Spoiler alert, you Gleeks who read the recap before you watch: In our extremely un-scientific analysis of the latest Glee soundtrack, we were right! Big reveal time: Jesse’s not evil; he’s been enlisted to bring Shelby and Rachel together (we so knew he planted the tape!). Because Shelby is Rachel’s mom! Luckily, this barrage of game-changing info came via the skilled direction of Mr. Joss Whedon, a genius at locating the meaningful story in possible cheese (a show about a vampire slayer, or, even, say, overplayed hits by Billy Joel and Aerosmith). The writers kept the episode just this side of sad show territory, instead delicately revealing the characters’ insecurities and small glories. And while we desperately hoped an avowed Sondheim fan as director would guarantee a Steve number or two, we’re still quite pleased with the Whedon Week results.
Billy Joel, “Piano Man”
Action from the get-go: Bryan Ryan (the reliably fabulous NPH), the object of Will’s envy and worship in high school, is now a bitter school-board member, intent on destroying the arts program (“You can't feed a child sheet music, Will. I mean, I suppose you could. But they might be dead in a year”). Being in glee club crushed his dreams (though his performance of “Daydream Believer,” complete with magic tricks, is transfixing), and he’s intent on doing the same for the New Directions crew (we love seeing Puck’s dream on paper: ‘3some’). Schue, determined to make things right as usual, woos Bryan — who, it turns out, is still a theater geek with Playbills under the bed — with beer and Billy Joel. The result is surprisingly appealing and realistic: Matthew Morrison and NPH, adorably trading verses like any guys near a jukebox, clearly impressed with themselves.
Aerosmith, “Dream On”
Jazzed by Schue’s gung ho speeches about the power of the arts, Bryan joins Will on an audition for the local production of Les Mis (they could afford the royalties in Lima? But we digress.). We’re a bit surprised he’s going for Jean Valjean — Bryan’s so a Javert, and we momentarily entertained fantasies that NPH and Matthew Morrison would sing “Confrontation” (as NPH has memorably done with Jason Segel before). Instead, we get this classic-rock wailer, which is excellent on several levels: Who has better manicured hair? Whose leather accessory is more aspiring to badassness? And which tenor wins: Will’s creamy smooth one, or Bryan’s raspy, slightly higher-pitched one? At this point, we’re not even distracted by the magically appearing rock band or by the over-the-top feeling of the number: Both guys would obviously take the audition way too seriously, so it works.
Men Without Hats, “Safety Dance”
Another great step in the character-development direction: the sweet, sad plotline of Artie and Tina. At base, this episode was about a very real high-school issue: distinguishing between dreams that are realistic and those that are doomed from the start, and realizing that a smaller dream isn’t necessarily a less deserving one. Tina’s attempts to give Artie hope in a cure for his spinal ailment are both well-meaning and dangerous, as Artie’s heartbreaking meeting with Emma shows. Happily, before that, we get a wonderful Artie fantasy number, a play on the flash mobs for which Glee fans have become known. Like many of the great scenes this episode, there’s enough of an element of reality to ground the number, but enough whimsy to make us smile (love the fact that Brittany and Other Asian are leading the dance crew, and totally loving the playful, youthful choreography).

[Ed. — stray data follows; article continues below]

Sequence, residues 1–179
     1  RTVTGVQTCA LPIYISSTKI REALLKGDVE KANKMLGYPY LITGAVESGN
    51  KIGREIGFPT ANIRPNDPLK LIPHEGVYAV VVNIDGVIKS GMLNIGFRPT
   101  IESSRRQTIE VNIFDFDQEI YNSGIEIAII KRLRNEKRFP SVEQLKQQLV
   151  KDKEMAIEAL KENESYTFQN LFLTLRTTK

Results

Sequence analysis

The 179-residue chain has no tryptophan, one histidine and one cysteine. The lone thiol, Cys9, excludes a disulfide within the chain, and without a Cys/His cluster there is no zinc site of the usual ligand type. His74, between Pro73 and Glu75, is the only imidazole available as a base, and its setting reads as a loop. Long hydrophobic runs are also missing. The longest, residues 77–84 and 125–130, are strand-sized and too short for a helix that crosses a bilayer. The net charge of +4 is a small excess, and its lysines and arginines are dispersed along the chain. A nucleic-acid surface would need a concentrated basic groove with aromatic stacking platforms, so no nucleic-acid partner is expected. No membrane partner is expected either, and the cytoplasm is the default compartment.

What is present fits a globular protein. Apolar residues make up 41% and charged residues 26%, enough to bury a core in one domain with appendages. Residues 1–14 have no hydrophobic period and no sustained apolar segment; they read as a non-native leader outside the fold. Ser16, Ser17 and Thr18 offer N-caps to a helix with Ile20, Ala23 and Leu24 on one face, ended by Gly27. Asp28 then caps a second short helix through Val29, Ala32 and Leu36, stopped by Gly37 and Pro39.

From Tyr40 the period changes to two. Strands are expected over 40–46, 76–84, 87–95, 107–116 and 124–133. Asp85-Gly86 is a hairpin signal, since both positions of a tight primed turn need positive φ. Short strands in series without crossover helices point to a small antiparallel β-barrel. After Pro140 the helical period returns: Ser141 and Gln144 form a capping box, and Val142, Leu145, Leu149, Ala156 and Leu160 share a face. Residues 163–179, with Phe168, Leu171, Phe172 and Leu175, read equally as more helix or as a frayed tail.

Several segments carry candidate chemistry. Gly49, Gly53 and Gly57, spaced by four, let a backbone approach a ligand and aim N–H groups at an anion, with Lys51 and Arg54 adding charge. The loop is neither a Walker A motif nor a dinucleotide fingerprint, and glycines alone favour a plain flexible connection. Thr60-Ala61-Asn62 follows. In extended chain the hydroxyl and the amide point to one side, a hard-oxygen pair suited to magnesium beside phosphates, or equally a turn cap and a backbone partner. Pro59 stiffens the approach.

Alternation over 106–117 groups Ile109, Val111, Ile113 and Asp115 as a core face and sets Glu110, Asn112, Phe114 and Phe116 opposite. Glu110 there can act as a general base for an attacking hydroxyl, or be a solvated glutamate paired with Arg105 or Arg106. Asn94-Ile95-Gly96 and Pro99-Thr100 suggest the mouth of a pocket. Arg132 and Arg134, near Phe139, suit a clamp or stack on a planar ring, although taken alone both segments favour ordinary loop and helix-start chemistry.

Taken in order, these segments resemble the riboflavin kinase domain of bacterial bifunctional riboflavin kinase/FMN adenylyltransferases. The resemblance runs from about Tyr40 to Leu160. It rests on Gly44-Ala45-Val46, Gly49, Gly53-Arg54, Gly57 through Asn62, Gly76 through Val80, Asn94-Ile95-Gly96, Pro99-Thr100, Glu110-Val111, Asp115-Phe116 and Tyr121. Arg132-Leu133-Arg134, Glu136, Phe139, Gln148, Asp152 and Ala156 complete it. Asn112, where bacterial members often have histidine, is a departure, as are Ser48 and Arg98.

Schönberg and Kretzmer, “I Dreamed a Dream” from Les Miz
Just when we were beginning to get a little creeped out by Jesse’s special ability to materialize out of nowhere and lurk, we finally learn his motivation: He’s helping Shelby find Rachel! Yay! This is clearly a setup for a fight with Rachel down the line, but no matter: It inspires some amazing scenes and lines for the Groff and Lea Michele. It’s hilarious to see Rachel try to prove Patti LuPone is her mother (Jesse: “Was Mandy Patinkin in on this?” Amazing!) and to learn that she performs the dream ballet from Oklahoma to soothe her nerves. But Lea Michele and Idina Menzel’s performance of this tearjerker is flat-out heart-stopping — we’re more struck than ever by their amazing resemblance, and the genuine regret and loneliness both ladies convey through the song is palpable.
Cass Elliot, “Dream a Little Dream of Me”
Like many of the better episodes, “Dream On” ends not with a life-affirming showstopper, but a quieter song embodying the true Glee spirit: determination in the face of hopelessness. So Artie can’t dance yet: He can still croon a tune with the best of ‘em. We’re psyched to see Tina get some spotlight (hint: We have a feeling Gaga will bring more next week), and we’re floored by her utterly lovely tap duet with Mike Chang (we’ll refrain from calling him Other Asian this week, in honor of Tina). Just like Mama Cass’s lullaby interpretation of this standard, “Dream a Little Dream” perfectly caps the night; we feel as if Glee just tucked us in for the night. Bring back Joss soon, please!
At the AV Club, Todd VanDerWerff places this episode as possibly the best
yet this season, saying it most resembles "the kind of show I'd like Glee to
be — a sadder show about the fact that dreams sometimes don't come true with
catchy musical numbers."
EW's Tim Stack reminds us of one of our many swirling thoughts during "Dream
On": that NPH and Matthew Morrison need to be in a Broadway show (or a boy
band) together immediately.